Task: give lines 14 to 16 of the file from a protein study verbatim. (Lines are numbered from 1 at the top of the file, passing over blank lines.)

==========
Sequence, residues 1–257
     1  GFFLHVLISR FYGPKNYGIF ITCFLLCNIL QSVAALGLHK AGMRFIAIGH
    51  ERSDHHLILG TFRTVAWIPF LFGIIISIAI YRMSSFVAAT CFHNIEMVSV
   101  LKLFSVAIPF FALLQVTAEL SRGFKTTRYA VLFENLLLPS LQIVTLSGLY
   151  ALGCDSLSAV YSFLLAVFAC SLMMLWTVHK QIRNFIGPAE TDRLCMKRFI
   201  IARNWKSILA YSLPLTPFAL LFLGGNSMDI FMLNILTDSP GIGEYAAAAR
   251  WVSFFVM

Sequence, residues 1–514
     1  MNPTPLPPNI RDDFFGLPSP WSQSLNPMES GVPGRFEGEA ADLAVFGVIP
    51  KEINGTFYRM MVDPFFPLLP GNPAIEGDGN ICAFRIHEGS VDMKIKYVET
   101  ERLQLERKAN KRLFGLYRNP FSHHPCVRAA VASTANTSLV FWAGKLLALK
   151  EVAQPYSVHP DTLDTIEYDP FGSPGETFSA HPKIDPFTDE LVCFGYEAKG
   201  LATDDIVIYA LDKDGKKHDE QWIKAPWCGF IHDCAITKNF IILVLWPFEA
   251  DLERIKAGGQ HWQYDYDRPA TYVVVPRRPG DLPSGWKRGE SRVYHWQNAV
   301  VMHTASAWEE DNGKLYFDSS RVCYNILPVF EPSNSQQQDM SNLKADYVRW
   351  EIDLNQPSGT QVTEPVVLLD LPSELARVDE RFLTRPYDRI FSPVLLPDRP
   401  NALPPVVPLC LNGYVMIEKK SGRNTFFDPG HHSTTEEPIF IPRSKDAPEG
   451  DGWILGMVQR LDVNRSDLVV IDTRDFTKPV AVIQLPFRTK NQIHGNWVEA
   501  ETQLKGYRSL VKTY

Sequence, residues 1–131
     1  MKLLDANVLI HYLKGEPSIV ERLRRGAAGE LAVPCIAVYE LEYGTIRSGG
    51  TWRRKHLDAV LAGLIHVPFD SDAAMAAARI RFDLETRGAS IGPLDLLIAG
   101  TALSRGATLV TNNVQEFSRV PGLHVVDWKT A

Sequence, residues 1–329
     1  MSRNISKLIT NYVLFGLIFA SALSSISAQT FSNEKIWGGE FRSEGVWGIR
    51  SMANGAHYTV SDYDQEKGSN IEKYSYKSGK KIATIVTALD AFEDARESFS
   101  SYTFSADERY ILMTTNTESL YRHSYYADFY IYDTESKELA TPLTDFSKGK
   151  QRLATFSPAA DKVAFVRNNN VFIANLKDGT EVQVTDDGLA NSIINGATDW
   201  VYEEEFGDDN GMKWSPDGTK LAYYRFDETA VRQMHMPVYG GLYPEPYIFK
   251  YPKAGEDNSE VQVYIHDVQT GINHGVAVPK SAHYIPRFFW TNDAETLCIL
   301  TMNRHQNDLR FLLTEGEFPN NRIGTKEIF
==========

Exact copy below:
   251  DLERIKAGGQ HWQYDYDRPA TYVVVPRRPG DLPSGWKRGE SRVYHWQNAV
   301  VMHTASAWEE DNGKLYFDSS RVCYNILPVF EPSNSQQQDM SNLKADYVRW
   351  EIDLNQPSGT QVTEPVVLLD LPSELARVDE RFLTRPYDRI FSPVLLPDRP